# The Dark Side of the Conjugate Match

Discussion in 'General Technical Questions and Answers' started by KL7AJ, Mar 12, 2010.

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1. ### W8JIHam MemberQRZ Page

Source impedance has no effect on SWR measurement Pete.

It doesn't matter if the source looks like one ohm or 1000 ohms, it will not change SWR ratio. Nothing we do with impedances on the input side of the bridge changes SWR.

The exception would be if harmonics or spurious signals are generated, but that has nothing to do with changing the fundamental frequency SWR.

For example an amplifier can generate harmonics that excite the line backward, and in that case the bridge can be sensitive to the termination on the exciter side of the bridge, but that has nothing to do with fundamental frequency SWR changes.

Doesn't happen Pete, I can assure you of that!

Take a clean transmitter, run it into a tuner, and then into the SWR meter and a load. No matter what we do with the tuner SWR will stay the same, with the sole exception of nonlinear changes in the SWR meter (meter error) slightly changing things as power level is varied.

73 Tom

2. ### K9AANXML SubscriberQRZ Page

First, let me point out that photons cannot travel through wire. Therefore, only electric and magnetic fields need be considered when talking about transmission lines.

At the risk of being ridiculed let me point out one place where I believe modern physics is in error. That is, RF energy, travelling in free space, is NOT composed of photons. Why: Photons are bundles of light. The energy of light is calculated differently than the energy in an RF wave. Light can be both particle and wave. RF is wave only.

That light waves and RF waves behave the same does not make them the same. All waves behave the same irrespective of how they are generated or their medium of propagation or lack there of.

It is my opinion that photons exist only when light behaves as a particle. When light behaves as a wave, it is a wave and not a photon.

3. ### K9AANXML SubscriberQRZ Page

OK. Let me get this straight.

According to the original article [extremely well written, I may add, and admired], if we send the 100 watts down the transmission line and 60 watts are reflected, then 160 watts become the new forward power.

BUT, the antenna reflects 60/100 of the forward power back. If the new forward power is now 160 watts, then the antenna now reflects 96 watts back.

The 96 watts are now added to the forward power to make 196 watts of which about 118 watts are reflected. The 118 watts are now added to the forward power to make 218 watts of forward power...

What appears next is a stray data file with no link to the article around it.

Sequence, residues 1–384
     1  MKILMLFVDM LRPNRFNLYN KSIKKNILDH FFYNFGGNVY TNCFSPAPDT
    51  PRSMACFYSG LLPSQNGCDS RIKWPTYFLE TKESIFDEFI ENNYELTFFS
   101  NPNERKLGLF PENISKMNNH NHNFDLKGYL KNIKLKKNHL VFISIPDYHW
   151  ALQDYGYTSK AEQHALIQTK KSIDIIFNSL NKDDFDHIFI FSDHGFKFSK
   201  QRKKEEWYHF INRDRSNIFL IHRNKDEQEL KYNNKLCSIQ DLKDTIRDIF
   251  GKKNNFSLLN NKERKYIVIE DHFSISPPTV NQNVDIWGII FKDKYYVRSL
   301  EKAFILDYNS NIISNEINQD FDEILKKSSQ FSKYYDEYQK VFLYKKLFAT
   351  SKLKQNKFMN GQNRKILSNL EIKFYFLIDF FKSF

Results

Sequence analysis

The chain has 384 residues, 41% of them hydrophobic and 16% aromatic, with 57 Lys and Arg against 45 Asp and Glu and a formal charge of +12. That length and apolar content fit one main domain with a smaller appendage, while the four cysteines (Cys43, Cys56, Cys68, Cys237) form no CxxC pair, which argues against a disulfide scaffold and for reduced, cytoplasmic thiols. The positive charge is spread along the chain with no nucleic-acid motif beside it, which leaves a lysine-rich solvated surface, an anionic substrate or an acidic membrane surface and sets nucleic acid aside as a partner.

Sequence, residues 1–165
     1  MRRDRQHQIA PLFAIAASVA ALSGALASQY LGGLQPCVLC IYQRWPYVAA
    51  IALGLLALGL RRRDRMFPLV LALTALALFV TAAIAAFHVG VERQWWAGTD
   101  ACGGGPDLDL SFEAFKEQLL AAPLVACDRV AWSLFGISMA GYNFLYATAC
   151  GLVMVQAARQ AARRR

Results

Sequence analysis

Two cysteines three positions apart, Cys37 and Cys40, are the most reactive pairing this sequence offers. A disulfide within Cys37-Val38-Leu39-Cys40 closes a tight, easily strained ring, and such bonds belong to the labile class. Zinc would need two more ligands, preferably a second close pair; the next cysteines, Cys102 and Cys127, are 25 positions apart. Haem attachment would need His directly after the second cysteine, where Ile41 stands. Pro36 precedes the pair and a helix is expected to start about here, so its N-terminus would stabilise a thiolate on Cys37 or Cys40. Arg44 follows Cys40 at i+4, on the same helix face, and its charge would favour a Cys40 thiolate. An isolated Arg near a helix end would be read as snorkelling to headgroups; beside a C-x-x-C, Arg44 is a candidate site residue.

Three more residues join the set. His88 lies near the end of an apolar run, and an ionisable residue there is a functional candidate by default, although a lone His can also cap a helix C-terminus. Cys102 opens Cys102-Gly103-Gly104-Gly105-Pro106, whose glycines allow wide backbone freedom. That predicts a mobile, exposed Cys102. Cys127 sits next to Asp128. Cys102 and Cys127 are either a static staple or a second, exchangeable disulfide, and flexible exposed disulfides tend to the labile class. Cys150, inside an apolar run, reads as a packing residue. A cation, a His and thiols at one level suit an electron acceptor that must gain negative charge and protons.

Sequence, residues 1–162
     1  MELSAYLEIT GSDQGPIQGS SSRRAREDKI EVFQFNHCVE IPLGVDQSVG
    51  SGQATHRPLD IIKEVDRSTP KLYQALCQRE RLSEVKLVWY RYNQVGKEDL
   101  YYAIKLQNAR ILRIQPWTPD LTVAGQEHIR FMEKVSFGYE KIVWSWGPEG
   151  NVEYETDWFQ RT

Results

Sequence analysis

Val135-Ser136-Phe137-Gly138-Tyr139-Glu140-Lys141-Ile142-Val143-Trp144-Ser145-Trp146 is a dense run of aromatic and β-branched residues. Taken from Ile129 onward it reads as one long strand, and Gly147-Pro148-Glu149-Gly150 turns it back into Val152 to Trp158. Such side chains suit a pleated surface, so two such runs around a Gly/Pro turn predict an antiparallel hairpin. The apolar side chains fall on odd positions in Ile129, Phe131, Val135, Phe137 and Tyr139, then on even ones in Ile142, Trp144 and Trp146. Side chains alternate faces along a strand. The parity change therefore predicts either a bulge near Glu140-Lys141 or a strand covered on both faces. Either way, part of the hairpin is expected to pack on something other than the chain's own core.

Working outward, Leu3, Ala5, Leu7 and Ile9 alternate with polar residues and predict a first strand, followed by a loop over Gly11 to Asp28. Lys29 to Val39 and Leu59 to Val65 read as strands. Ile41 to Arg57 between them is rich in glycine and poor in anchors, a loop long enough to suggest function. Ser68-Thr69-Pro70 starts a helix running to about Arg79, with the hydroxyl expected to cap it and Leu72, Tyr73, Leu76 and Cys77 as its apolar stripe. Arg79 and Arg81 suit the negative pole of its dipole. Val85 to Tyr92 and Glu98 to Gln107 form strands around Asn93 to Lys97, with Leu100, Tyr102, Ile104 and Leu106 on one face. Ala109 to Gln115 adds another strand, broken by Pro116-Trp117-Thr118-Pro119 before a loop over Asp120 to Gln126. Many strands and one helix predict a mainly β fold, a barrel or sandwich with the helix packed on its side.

Or did I miss something?

4. ### K9FONGuest

lifes too short to fuss with conjugate matches, swrs, tuners and such. i just operate and have fun!

5. ### AC0FPHam MemberQRZ Page

This is the way I've always seen things. Rf is a wave and photon's, well their kind of strange because they are mixture!

73,

fp

6. ### WR9HHam MemberQRZ Page

Hello Guys,

RF and light BOTH have wave and photon (particle) characteristics and are really the same type of radiation. As the frequency of an RF emission is increased it behaves more like a particle (photon).

This can be very confusing to grasp and it does help to go through a good physics textbook's electromagnetic emission chapter(s) to help with understanding.

Ultimately radio waves are low frequency light and light is very, very, very high frequency radio!!

73
Herb/WR9H

7. ### VA3CQCHam MemberQRZ Page

Funny.

He's saying that it's a mathematical proof: the creation of a Conjugate Match doesn't in itself reduce the efficiency of your transmitter. SWR or no, it still delivers 100% power into the load, as long as a match exists (and is used, of course. lol @ 220w consumed / 75w produced under adverse condx).

8. ### VK2TILHam MemberQRZ Page

Apropos 'UAQ's post (#29).

Whilst the "downstream" impedance does not affect what happens "upstream", some kinds of measurements require that the entire system, from generator to load (DUT) be of a single Zo.

If accurate vector measurements are to be taken, a single constant Zo, from signal-generator to DUT, is mandatory; for example, W7ZOI discusses return-loss bridges (in a manner that even I can understand) in "Introduction To RF Design" and shows that a Zo source is required for proper operation.

Since a directional coupler is, essentially, a bridge, it seems to me that the same principles apply.

SWR is a scalar measurement; it tells us a little, but not all, about the load.

Measurements via a bridge or a directional coupler, if both magnitude & phase can be quantified, tell us much more.

9. ### KA5SHam MemberQRZ Page

Electrons travel -- slowly -- through wire. Photons (i.e. radio waves) don't; they are launched onto the transmission line. TL or space; makes no difference.

Cortland
KA5S

10. ### KA5SHam MemberQRZ Page

Dupe -- deleted. Off to thr swap meet!

Cortland
KA5S